Voter registration: Voters must register to vote in the primary by July 28, 2014. For the general election, the voter registration deadline is October 6, 2014.[6]

See also: Arizona elections, 2014

Incumbent: Heading into the election the incumbent is Ron Barber (D), who was first elected in a special election on June 12, 2012.

The 2nd District is located in the southeastern corner of Arizona and includes Cochise County and part of Pima County.[7]

Candidates

Democratic Party Ron Barber - Incumbent
Republican Party Martha McSally
Republican Party Shelley Kais
Republican Party Chuck Wooten

Race background

Incumbent Ron Barber (D), is one of seven early targets listed by the National Republican Congressional Committee (NRCC) in the 2014 congressional elections.[8] The seven targets align perfectly with the seven most Republican districts currently held by Democrats, according to FairVote's partisanship index. Barber's district ranks as the 7th most Republican (46% D).[9]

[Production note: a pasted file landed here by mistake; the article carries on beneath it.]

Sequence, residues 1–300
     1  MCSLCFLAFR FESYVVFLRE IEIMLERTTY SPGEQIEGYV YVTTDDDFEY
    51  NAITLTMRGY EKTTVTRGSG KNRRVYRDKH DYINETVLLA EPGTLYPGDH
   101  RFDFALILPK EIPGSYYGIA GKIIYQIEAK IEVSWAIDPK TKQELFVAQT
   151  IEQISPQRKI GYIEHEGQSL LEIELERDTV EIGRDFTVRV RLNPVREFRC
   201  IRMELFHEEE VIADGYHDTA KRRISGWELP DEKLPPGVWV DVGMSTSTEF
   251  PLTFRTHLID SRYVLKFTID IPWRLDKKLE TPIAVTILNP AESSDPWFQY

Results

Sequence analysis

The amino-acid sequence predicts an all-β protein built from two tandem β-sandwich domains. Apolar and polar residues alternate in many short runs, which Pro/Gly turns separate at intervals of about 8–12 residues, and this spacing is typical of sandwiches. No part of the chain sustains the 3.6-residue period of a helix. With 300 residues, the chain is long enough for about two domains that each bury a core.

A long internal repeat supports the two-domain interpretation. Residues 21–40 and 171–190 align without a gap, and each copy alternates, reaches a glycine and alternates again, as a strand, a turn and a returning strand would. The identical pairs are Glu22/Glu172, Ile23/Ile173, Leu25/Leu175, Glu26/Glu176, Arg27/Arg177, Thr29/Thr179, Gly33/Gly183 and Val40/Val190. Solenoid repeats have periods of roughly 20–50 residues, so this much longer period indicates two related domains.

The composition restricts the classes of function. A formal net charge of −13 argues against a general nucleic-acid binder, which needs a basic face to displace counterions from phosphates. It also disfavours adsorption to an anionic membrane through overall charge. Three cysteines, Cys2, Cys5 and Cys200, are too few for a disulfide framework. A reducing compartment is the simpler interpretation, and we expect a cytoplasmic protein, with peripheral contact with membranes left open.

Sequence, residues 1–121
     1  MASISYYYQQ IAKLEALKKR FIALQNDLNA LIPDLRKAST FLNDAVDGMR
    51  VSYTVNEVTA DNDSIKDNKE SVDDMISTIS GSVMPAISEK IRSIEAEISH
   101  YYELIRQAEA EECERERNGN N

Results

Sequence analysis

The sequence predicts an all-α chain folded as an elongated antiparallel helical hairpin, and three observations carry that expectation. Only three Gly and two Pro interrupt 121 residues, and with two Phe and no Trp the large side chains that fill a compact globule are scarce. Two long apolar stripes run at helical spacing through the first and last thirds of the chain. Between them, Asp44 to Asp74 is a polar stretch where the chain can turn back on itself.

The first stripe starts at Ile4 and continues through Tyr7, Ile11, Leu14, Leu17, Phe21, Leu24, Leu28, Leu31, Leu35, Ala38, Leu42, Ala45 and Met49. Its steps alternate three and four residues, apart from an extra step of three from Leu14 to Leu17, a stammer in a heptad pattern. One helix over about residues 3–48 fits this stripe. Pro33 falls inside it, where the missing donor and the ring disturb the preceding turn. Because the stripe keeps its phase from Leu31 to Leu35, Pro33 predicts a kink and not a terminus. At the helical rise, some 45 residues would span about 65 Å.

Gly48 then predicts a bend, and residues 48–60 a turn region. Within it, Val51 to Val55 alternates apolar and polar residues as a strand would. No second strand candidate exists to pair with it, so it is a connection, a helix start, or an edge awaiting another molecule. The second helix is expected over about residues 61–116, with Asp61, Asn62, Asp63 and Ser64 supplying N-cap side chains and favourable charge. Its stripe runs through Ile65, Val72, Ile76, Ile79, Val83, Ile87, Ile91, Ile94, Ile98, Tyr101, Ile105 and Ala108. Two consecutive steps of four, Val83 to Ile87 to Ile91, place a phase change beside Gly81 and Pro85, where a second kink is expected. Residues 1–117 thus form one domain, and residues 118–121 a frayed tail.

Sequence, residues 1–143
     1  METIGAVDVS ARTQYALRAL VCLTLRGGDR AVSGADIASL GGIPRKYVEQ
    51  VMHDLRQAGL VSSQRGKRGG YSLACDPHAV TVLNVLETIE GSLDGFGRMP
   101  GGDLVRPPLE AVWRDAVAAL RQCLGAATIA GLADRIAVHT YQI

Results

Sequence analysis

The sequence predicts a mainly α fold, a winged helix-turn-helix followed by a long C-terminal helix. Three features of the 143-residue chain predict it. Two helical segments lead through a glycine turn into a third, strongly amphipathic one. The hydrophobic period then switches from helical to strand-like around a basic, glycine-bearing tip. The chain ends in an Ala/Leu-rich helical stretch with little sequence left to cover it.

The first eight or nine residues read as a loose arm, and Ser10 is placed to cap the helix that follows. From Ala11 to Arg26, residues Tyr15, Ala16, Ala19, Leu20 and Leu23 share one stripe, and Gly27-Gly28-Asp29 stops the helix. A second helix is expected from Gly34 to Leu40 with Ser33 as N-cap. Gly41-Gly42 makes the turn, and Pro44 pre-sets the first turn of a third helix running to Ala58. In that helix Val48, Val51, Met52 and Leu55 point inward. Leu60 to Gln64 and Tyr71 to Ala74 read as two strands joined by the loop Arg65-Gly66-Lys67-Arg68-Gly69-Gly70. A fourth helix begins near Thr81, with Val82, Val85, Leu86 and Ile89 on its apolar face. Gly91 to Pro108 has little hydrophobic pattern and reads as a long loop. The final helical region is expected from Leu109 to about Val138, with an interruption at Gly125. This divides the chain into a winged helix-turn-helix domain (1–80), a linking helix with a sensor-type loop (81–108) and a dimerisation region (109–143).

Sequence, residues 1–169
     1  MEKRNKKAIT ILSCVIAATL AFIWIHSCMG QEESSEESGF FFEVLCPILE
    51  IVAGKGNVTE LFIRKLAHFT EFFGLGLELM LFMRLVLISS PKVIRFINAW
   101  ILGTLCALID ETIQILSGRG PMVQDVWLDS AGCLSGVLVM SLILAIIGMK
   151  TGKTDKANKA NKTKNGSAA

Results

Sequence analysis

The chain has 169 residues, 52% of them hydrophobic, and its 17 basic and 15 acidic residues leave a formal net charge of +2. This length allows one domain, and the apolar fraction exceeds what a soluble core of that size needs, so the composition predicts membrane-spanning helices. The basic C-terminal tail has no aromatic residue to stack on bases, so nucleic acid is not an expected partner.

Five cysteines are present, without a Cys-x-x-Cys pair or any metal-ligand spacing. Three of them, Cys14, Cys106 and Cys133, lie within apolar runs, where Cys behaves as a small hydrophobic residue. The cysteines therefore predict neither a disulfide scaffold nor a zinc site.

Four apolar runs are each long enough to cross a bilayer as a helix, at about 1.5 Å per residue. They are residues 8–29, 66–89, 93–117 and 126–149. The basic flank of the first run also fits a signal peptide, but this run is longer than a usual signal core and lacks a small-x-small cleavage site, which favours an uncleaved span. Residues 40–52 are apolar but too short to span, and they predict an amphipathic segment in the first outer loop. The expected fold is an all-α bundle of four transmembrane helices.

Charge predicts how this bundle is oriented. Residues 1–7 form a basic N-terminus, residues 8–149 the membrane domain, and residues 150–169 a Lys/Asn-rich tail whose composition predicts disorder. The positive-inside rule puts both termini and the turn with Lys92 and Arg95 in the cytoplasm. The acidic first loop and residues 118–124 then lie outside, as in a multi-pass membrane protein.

Barber is a member of the Democratic Congressional Campaign Committee's Frontline Program. The program is designed to help protect vulnerable Democratic incumbents heading into the 2014 election.[10]

Republican challenger Martha McSally is seeking a rematch of the 2012 race in which Barber narrowly defeated her with less than 1 percent of the vote separating the two candidates. The 2012 race was too close to call for over a week after the election took place.[11]

Endorsements

On March 29, 2014, Speaker John Boehner headlined a fundraiser for Martha McSally and Andy Tobin (AZ-01).[12]

Media


LIBRE Initiative ad attacking Ron Barber for voting for Obamacare

Polls

Ron Barber vs Martha McSally
Poll Ron Barber Martha McSallyUndecidedMargin of ErrorSample Size